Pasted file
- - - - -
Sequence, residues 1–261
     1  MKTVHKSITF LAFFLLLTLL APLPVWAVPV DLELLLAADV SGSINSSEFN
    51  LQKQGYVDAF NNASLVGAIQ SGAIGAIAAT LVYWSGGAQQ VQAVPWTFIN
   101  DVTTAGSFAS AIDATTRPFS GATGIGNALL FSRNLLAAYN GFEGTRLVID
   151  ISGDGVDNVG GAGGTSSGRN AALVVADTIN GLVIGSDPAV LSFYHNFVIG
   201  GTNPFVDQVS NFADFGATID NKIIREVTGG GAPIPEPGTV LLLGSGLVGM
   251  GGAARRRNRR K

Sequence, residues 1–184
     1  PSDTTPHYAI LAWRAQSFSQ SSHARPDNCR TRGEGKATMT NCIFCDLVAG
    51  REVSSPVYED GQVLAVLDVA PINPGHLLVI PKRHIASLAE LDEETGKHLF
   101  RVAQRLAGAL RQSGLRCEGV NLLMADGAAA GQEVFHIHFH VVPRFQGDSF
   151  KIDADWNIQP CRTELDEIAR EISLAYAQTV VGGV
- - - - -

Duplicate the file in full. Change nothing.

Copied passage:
Sequence, residues 1–261
     1  MKTVHKSITF LAFFLLLTLL APLPVWAVPV DLELLLAADV SGSINSSEFN
    51  LQKQGYVDAF NNASLVGAIQ SGAIGAIAAT LVYWSGGAQQ VQAVPWTFIN
   101  DVTTAGSFAS AIDATTRPFS GATGIGNALL FSRNLLAAYN GFEGTRLVID
   151  ISGDGVDNVG GAGGTSSGRN AALVVADTIN GLVIGSDPAV LSFYHNFVIG
   201  GTNPFVDQVS NFADFGATID NKIIREVTGG GAPIPEPGTV LLLGSGLVGM
   251  GGAARRRNRR K

Sequence, residues 1–184
     1  PSDTTPHYAI LAWRAQSFSQ SSHARPDNCR TRGEGKATMT NCIFCDLVAG
    51  REVSSPVYED GQVLAVLDVA PINPGHLLVI PKRHIASLAE LDEETGKHLF
   101  RVAQRLAGAL RQSGLRCEGV NLLMADGAAA GQEVFHIHFH VVPRFQGDSF
   151  KIDADWNIQP CRTELDEIAR EISLAYAQTV VGGV